Posted by Mark J. Miller on March 14, 2013 04:02 PM
Ambush marketing tends to pop-up in the most high-profile circumstances, and for Samsung, March 14 is D-day. While the mobile brand is busy heavily promoting its Galaxy S4 launch, it's obvious that competitors weren't going to sit on the sidelines and let Samsung have all the fun.
LG took a swipe at Samsung in New York City’s Times Square, unveiling a massive billboard that directly rips off the Galaxy S4 ad. Not only does LG use a key element of Samsung’s design, but its sign is larger than Samsung’s and hangs just above it, neatly overshadowing Samsung's biggest announcement of 2013.
The billboard’s text also mirrors Samsung’s—which is set to unveil the Galaxy S4 Thursday in New York—reading, "LG Optimus G is here 4 you now" in a reference to the S4—while just underneath, Samsung's sign reads, "Be ready 4 the next Galaxy." The obvious implication is that you need to wait for the next Galaxy while the LG Optimus G is ready for the consumer right now.Continue reading...
chew on this
Posted by Dale Buss on March 6, 2013 06:14 PM
Last month, Taco Bell gave away the fact that its next flavor of Doritos Locos Tacos would be Cool Ranch and tweeted that the secret was "out of the bag." The problem is that today, when the chain actually began dispensing the new product to QSR cognoscenti, some Taco Bell outlets couldn't put enough Cool Ranch Doritos Locos Tacos in the bag to satisfy early adopters.
Taco Bell has said that the widely anticipated next variety in the Doritos Locos Tacos phenomenon would be introduced nationwide tomorrow in its biggest marketing campaign ever. However, it wanted to add to the advance buzz created by its announcement on February 13, stoked by the product's appearance in a TV ad during the Oscars and further fed by a variety of social media-savvy teaser videos online.
So the brand let fans know via Twitter and Facebook this week that they would be rewarded today with "a special 'Fan Day' in which they can visit their local Taco Bell and buy a Cool Ranch Doritos Locos Taco the day before it officially launches on March 7. All they have to do is ask." It was a way, a brand spokeswoman told brandchannel, "of giving back."Continue reading...
Posted by Reneé Alexander on March 4, 2013 04:21 PM
After playing coy about its exact launch dates in Canada, Target has confirmed it's opening the first of its Canadian stores this week. Residents in three communities (Guelph, Fergus and Milton) west of Toronto will be able to check out the launch trio of Target Canada "pilot stores" that will open at 8 a.m. on Tuesday, part of the first wave of 24 stores soft opening this month in Ontario. As Target's press release puts it,
Like the majority of Target locations opening in Canada, the pilot stores feature a licensed Starbucks, as well as an in-store pharmacy designed to provide guests with superior patient-centered healthcare. “The Target team is excited to open these test locations as we put the finishing touches on our stores, assortments and inventory,” said Tony Fisher, president, Target Canada. “We look forward to delivering on our Expect More. Pay Less. brand promise and providing an outstanding shopping experience as we approach our grand opening in early April.”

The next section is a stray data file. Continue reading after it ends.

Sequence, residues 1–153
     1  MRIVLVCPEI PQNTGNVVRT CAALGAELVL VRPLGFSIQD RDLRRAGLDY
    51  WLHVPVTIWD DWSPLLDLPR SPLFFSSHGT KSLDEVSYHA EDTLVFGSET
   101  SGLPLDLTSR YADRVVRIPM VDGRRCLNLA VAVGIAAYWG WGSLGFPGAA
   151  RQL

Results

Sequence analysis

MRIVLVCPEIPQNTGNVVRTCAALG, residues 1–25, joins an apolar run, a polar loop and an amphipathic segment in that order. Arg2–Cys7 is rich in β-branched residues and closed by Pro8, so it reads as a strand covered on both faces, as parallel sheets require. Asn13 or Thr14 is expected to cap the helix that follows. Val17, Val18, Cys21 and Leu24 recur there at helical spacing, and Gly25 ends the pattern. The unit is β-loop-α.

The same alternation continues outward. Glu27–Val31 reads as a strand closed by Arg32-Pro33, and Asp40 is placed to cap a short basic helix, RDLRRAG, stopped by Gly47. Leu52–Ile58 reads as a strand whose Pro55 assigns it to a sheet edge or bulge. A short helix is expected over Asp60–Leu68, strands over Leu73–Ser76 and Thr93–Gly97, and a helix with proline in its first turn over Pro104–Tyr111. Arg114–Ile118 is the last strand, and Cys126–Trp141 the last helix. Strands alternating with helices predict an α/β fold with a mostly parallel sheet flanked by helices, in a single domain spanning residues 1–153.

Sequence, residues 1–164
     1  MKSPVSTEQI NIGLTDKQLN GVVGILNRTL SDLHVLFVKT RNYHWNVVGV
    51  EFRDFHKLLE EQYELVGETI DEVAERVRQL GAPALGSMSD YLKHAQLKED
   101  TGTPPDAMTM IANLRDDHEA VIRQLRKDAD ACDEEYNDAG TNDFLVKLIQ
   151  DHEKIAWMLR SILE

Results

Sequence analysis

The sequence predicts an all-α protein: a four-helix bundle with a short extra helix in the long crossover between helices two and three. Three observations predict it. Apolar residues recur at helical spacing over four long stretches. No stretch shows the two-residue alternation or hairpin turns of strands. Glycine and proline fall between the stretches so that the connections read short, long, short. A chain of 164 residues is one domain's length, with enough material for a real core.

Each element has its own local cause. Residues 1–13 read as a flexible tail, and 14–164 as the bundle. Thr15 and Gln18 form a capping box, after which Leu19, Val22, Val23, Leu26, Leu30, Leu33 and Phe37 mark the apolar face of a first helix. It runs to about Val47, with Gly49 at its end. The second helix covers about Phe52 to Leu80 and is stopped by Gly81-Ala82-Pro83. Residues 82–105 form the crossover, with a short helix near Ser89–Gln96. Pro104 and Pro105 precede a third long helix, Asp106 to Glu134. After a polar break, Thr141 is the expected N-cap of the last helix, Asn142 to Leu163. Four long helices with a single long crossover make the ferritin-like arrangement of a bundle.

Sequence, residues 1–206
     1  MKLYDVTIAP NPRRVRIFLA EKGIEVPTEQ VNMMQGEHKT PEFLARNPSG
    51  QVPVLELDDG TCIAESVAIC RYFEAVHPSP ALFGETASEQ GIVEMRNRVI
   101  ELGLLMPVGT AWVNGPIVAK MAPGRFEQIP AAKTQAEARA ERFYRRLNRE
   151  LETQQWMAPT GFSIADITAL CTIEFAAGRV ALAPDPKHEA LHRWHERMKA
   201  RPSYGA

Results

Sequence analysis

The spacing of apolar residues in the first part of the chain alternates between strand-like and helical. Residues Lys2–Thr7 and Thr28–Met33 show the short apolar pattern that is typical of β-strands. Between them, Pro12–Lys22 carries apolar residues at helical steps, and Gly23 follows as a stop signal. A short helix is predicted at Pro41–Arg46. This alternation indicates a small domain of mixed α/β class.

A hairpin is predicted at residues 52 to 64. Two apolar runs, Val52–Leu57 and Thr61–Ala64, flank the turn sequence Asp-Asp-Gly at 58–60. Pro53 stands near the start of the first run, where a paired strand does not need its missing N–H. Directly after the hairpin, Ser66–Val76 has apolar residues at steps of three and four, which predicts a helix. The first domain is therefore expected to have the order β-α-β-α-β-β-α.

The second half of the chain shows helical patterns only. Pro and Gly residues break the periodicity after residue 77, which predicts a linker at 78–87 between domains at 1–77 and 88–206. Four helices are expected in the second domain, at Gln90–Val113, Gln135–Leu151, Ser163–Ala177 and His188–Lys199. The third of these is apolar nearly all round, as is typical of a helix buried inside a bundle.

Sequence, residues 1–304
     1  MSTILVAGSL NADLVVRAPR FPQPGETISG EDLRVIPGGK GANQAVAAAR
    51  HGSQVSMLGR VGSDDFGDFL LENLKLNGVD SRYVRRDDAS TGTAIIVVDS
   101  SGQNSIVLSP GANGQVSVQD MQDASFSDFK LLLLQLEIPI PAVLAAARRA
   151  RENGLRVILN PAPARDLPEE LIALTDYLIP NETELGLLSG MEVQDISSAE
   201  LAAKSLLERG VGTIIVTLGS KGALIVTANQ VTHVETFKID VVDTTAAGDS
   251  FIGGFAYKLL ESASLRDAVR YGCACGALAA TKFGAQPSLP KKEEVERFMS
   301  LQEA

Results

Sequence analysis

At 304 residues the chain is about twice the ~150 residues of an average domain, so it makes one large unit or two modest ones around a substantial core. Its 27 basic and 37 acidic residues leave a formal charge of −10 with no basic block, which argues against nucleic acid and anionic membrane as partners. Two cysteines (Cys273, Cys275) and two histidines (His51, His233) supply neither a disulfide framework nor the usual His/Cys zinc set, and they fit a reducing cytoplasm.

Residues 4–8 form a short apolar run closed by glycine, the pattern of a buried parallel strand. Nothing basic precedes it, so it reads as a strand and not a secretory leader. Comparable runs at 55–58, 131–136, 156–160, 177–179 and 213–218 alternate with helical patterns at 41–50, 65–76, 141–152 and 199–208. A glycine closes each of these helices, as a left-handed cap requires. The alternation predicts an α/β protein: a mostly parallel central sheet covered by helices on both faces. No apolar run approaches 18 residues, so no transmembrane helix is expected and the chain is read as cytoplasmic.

The move kicks off the Minneapolis-based retailer's opening of up to 135 locations in former Zellers locations across Canada, 124 of those locations opening their doors this year. Target had said publicly it will start having soft store openings in March but it hadn't given exact dates or specific locations. In advance of this week's opening drive, the brand is practically building snowmen (see a recent Facebook cover image, above), drinking maple syrup straight from the bottle and painting its face at hockey games.
The retailing giant has been on an awareness-building campaign for its highly-anticipated arrival since late last year, one that is expected to ignite an all-out battle for consumers not seen since Walmart stormed the 49th parallel in 1994 with the acquisition of 122 Woolco stores.Continue reading...
sip on this
Posted by Dale Buss on March 1, 2013 06:12 PM
With soda volume down globally, most brands like Coke are pushing amped-up waters, juices and tea beverages in hopes to keep its increasingly health-conscious consumer in its court. Dr Pepper Snapple Group, however, is swerving heavily back in the direction of that most American of beverages: a can of soda. The company is counting on its new Ten platform—all the taste, just 10 calories—to become the vehicle for a reconnection with soft-drink fans that will stun the industry.
In rolling out 7Up Ten, A&W Ten, Sunkist Ten, Canada Dry Ten and RC Ten, in addition to its existing Dr Pepper Ten, company CEO Larry Young is insisting that Dr Pepper Snapple will not be cowed by increasingly aggressive attacks on the effects of soft-drink consumption on the American diet.
"You have to step up to the plate and take a big swing, so I think it's a necessary action," he said on a conference call recently. "We're not going to sit back and let [attacks] bring our volumes down and affect us. We're behind this."